Feathers, Fur and Fermentation: Duck-Rabbit Craft Brewery

IMG_20150731_160954451Most beer drinkers in North Carolina are probably familiar with Duck-Rabbit — one of the most successfully distributed craft breweries in the region. Duck-Rabbit’s Milk Stout, Brown and Amber ales are grocery store staples all around the Southeast, ranging from Florida to Tennessee to as far north as Pennsylvania.

You might be surprised, then, to learn that Duck-Rabbit’s taproom is just four years old, and it is far more modest than you’ll find at many lesser-known North Carolina breweries. The brewery itself has been around for 11 years, but it focused on distribution until the last half-decade or so, when the town of Farmville gave the brewery a grant to build a taproom.

Tucked away in an unassuming warehouse district in the small agrarian community of Farmville (just outside Greenville), Duck-Rabbit’s taproom looks a small, vinyl-sided afterthought tacked onto the side of a warehouse. It features a little bar that seats five, a pair of tall tables — and that’s it. When we visit on a Friday afternoon in the summer, locals in overalls and work clothes sat at the bar making small talk with a woman named Rocky, the gregarious bartender.

IMG_20150731_161115591_HDR“You’ve really legitimized the place,” one regular tells Rocky. She later confides to us that she’s had to convince the owner that people would actually show up for a taproom, but it is growing in popularity. Some people like to come before church — and after. Others come on Friday and Saturday nights, when Duck-Rabbit has started bringing in food trucks, like the Sizzle Shack that was parked outside the day we visited. Duck-Rabbit also is happy to provide some snacks for no charge.

IMG_20150731_163333025_HDR
Wiffle ball on a hot summer’s day? Why not?

The place is undeniably homey, a Cheers for the craft-beer-drinking Farmville set. A couple of men finish their drinks and head outside to play Wiffle ball in the driveway and lawn in front of the brewery. There are some nice wooden tables and chairs out on the lawn, along with a cornhole set, making this a nice destination for a little summer evening fun. Be prepared — they only take cash or checks, no credit cards.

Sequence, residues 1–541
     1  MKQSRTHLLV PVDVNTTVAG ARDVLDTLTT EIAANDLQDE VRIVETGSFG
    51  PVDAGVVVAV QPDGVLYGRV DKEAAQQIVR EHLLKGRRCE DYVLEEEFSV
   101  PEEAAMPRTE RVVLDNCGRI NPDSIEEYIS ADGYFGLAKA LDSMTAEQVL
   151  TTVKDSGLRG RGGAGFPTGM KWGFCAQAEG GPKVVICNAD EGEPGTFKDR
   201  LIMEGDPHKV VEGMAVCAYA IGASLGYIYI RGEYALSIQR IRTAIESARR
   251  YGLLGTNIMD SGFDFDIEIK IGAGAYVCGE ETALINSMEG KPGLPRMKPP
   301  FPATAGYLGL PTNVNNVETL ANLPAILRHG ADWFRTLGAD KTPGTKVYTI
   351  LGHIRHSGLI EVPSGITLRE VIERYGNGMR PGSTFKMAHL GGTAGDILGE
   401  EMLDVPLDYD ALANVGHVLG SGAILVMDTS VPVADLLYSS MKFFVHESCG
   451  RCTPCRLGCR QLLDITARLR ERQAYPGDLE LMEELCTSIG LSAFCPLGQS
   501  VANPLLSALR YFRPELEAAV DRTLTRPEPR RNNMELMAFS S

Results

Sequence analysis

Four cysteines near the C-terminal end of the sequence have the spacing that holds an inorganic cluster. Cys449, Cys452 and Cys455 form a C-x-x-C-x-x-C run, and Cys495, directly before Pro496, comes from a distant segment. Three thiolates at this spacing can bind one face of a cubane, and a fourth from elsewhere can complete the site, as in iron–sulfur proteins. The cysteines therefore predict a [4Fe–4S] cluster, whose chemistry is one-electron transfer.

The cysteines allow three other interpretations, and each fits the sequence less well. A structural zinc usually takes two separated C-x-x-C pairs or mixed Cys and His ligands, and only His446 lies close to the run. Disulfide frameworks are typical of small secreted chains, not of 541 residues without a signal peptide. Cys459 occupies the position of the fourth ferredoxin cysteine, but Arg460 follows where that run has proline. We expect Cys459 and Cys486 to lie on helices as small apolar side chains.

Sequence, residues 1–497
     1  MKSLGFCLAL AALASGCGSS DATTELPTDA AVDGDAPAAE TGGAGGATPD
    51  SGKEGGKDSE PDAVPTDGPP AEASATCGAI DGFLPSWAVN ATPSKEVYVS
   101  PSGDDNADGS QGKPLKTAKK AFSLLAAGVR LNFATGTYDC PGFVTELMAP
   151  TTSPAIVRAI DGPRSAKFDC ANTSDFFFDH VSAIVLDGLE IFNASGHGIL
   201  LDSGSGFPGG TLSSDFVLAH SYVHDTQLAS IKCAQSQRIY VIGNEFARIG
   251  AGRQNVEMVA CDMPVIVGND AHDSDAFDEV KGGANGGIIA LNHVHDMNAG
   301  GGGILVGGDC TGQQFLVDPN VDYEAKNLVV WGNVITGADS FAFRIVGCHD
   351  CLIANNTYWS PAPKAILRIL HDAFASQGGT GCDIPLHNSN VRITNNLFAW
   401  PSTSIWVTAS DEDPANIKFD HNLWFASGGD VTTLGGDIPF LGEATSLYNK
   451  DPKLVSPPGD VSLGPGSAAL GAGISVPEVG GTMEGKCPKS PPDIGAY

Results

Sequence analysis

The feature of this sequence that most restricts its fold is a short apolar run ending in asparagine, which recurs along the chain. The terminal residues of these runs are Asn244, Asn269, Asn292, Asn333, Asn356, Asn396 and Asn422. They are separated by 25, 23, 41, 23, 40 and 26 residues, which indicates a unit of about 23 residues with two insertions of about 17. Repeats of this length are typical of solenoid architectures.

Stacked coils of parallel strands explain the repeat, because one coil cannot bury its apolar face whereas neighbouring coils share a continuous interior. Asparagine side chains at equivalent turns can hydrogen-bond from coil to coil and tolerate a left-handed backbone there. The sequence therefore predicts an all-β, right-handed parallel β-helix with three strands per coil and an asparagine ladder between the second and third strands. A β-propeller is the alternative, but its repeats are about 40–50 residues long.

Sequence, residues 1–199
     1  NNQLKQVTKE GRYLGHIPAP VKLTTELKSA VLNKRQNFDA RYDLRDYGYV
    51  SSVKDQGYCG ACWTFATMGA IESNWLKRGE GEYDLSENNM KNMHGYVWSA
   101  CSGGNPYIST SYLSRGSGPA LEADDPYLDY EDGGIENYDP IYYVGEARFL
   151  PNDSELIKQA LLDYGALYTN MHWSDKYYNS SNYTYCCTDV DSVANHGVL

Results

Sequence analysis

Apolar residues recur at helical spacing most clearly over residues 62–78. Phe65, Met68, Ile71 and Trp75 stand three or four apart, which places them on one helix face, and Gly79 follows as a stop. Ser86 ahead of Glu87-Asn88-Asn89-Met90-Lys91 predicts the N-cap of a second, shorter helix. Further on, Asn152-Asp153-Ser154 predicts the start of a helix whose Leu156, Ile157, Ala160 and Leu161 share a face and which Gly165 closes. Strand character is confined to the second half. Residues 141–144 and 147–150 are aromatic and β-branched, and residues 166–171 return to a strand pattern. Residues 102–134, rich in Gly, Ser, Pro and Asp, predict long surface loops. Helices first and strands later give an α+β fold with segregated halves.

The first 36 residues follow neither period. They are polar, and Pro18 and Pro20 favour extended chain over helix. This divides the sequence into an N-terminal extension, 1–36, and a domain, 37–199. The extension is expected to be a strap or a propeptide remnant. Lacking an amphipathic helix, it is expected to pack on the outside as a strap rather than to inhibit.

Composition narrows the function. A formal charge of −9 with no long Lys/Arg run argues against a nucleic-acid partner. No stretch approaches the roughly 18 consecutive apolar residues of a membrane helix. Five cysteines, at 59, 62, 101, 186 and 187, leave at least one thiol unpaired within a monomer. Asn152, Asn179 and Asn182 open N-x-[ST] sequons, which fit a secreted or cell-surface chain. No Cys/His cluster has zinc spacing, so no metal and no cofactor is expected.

At one point during our visit, Rocky points to the Duck-Rabbit logo behind her and asks Virginia and I what we see — the duck or the rabbit? “Duck,” I say without hesitation. “Rabbit,” says Virginia.

“That’s why y’all are perfect for each other,” Rocky answers.

The other distinctive feature of the taproom is a huge collection of medals adorning the wall behind the bar. Duck-Rabbit specializes in dark beer, and they do it very well. They only had a handful of beers on tap the day we visited, but they were all good. Let’s start with the staples.

IMG_20150731_161424063Milk stout – Rocky says this beer accounts for about 60 percent of Duck-Rabbit’s sales — “Definitely our flagship.” It’s creamy and rich, with a little hop finish. Just an outstanding beer.

Amber ale – At 5.5% ABV, this is just a nice, drinkable amber — not as malty as a lot of ambers we’ve had lately, also not hoppy. Just a nice clean ale.

Baltic porter – This is robust at 9% ABV, and you get that strong alcohol taste, but also some nice rich sweetness on the finish. A standout for us.

Hoppy bunny – An American black ale with a hoppy floral aroma and heavy bitterness. The Chinook hops are very prominent, giving this beer a nice piney, citrusy effect.

Duck-Rabbit has plenty of other quality offerings that you can’t get in grocery stories, depending on the tap rotations. We stopped at Duck-Rabbit as part of an Eastern North Carolina swing that also included Mother Earth down in Kinston. I’d recommend making a similar circuit. Duck-Rabbit might not be a destination taproom, but few places give you a more authentic rural North Carolina craft beer experience, and fans of dark beers won’t find many spots that do it better.


Aaron Fitt is fortunate to live halfway between Hillsborough’s Mystery Brewing Co. and Durham’s Fullsteam Brewery — his two favorite haunts in N.C. His tastes range from brown ales to pale ales to porters to ambers to sours to Belgians to … OK, he just likes beer.

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